WeWork’s Shares Up 87% on Tuesday, Post Biggest 1-Day Gain
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WeWork’s Shares Up 87% on Tuesday, Post Biggest 1-Day Gain

WeWork's stock recorded the biggest 1-day gain on Tuesday after shares skyrocketed on substantial trading volume.
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Shares of WeWork witnessed an unexpected pump on Tuesday, soaring by nearly 87% in afternoon trading as volume jumped to over 47 million shares. The jump comes amid a challenging period for the company, which warned of a potential collapse last month. 

WeWork’s Stock Sees Biggest-Ever 1-Day Gain

Coworking space provider WeWork saw its stock price skyrocket 87% in afternoon trading on Tuesday on substantial volume, making it the best-performing equity on major US exchanges. The company’s stock has more than doubled since Monday, surging from $2.70 to $5.74 at the time of publication.

While no specific event or development fueled the massive rally, WeWork’s stock appears to be rocketing on heavy trading volume, which has jumped to 47.5 million shares. The stock’s full-day average over the past month was just 2.4 million shares. The daily volume on Tuesday was over nineteen times last month’s average.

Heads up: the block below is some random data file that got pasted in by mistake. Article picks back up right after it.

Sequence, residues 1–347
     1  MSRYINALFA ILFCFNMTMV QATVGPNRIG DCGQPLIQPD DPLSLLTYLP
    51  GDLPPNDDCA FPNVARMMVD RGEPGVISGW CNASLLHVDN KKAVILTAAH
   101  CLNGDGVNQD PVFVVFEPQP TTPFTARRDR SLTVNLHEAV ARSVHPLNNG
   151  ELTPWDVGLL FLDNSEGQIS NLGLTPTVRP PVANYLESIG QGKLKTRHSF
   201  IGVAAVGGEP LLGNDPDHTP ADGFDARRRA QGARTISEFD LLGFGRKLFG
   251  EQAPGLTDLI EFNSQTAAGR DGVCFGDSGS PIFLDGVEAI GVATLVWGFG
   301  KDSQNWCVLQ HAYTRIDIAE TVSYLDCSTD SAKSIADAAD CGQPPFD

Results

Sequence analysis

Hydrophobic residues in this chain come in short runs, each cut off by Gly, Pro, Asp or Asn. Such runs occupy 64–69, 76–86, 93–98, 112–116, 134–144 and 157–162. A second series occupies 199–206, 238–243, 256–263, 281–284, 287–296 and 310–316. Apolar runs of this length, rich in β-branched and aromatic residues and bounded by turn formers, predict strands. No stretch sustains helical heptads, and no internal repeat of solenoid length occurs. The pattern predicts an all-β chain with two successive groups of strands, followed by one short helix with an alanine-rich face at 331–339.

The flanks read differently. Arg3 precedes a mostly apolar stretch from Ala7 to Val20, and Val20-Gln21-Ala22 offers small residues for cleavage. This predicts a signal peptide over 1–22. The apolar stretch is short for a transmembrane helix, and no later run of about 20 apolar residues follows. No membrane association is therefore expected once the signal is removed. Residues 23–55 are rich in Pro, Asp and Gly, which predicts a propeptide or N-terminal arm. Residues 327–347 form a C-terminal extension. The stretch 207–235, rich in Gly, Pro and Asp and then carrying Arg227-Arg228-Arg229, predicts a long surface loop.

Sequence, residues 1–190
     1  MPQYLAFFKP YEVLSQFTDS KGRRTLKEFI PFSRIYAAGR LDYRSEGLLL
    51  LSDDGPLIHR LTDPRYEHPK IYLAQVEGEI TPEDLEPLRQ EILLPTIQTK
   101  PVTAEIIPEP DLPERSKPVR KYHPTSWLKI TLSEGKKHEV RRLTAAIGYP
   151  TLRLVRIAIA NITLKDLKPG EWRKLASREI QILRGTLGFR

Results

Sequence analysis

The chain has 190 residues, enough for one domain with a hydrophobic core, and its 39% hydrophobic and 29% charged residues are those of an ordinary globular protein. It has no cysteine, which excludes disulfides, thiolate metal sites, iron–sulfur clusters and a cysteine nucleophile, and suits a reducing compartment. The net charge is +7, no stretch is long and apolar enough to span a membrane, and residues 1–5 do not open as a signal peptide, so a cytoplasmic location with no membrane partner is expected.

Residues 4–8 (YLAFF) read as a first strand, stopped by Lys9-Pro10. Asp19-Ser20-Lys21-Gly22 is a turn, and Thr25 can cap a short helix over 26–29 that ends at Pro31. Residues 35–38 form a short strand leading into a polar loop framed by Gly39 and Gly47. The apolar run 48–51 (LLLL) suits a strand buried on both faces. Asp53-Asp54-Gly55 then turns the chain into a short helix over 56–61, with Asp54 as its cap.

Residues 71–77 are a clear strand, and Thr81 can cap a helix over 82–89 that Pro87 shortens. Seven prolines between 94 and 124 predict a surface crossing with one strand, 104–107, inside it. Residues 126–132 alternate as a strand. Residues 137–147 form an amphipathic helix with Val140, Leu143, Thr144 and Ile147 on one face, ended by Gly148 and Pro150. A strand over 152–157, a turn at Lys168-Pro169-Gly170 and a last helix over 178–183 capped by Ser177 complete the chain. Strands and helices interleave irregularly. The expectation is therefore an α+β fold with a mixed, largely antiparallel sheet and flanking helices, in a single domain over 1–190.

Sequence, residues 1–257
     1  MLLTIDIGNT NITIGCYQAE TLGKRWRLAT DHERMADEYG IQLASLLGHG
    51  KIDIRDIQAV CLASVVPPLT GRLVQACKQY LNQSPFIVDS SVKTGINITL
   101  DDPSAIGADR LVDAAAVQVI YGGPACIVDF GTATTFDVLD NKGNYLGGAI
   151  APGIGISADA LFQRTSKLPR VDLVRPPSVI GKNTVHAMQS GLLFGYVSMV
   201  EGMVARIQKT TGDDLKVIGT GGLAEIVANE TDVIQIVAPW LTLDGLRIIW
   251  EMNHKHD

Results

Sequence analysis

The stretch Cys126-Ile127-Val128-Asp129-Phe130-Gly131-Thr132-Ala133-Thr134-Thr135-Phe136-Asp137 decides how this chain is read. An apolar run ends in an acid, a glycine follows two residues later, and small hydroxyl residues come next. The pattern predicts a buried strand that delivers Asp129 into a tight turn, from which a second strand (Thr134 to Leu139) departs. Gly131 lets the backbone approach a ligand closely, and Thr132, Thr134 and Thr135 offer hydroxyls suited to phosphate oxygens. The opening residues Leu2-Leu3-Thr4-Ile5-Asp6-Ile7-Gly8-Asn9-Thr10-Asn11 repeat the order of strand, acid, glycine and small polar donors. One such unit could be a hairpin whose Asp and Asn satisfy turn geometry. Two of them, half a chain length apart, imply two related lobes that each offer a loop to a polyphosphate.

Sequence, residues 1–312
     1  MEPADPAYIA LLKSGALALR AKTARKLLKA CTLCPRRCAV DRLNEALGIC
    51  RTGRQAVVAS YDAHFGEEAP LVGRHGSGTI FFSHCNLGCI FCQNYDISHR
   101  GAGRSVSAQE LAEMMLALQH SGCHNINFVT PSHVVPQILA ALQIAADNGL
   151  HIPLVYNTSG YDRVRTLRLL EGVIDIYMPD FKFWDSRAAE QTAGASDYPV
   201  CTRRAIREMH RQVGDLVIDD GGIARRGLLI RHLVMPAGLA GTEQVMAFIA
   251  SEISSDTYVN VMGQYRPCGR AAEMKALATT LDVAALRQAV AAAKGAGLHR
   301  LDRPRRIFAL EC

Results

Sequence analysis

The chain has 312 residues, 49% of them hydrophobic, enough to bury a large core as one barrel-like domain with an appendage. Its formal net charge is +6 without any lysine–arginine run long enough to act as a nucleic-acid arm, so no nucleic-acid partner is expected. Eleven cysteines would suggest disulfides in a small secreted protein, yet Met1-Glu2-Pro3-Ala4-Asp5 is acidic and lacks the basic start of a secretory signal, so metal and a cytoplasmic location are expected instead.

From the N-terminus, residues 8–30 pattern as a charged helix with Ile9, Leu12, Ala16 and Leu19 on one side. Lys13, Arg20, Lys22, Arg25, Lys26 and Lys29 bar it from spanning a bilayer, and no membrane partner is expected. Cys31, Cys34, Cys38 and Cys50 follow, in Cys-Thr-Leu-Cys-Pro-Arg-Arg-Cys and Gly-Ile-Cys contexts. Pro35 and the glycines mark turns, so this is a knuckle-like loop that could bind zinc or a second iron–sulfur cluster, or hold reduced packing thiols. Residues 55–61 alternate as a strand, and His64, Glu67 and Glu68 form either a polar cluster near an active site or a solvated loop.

The spike, representing the most substantial one-day gain since the company went public in October 2021, offered a much-needed boost for the stock, which took a heavy beating in 2023. 

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WeWork’s Shares Still Down 90% Year-to-Date as Challenges Persist

Last month, WeWork announced it would proceed with a 1-for-40 reverse stock split of its outstanding shares to save itself from getting delisted from the New York Stock Exchange. Even after this week’s surge, WeWork’s shares remain nearly 90% down year-to-date, placing the company on the verge of a collapse. 

The firm’s endeavors to remain listed at the NYSE came after the company announced earlier this month that it had “substantial doubts” about its ability to keep afloat. Once valued at $47 billion, WeWork never wholly rebounded from its unsuccessful attempt to go public in 2019

This period revealed colossal losses and several potential conflicts of interest between the company, co-founder, and ex-CEO Adam Neumann. The challenges continued throughout 2023 as WeWork grappled with mounting costs, cash burn, and high membership turnover. 

The New York-based firm posted a net loss of $397 million in Q2. As a result, WeWork’s management recently formulated a turnaround plan to improve the company’s financial health, stating that its ability to continue operating would be “contingent upon successful execution” of that scheme. 

Meanwhile, WeWork’s recent share price surge amidst lingering doubts about its future viability raises the question of whether this is another meme stock frenzy moment reminiscent of a similar scenario seen in 2021.

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Do you think the latest surge in WeWork’s share price could be another attempt by meme-stock investors to rejuvenate a struggling company? Let us know in the comments below.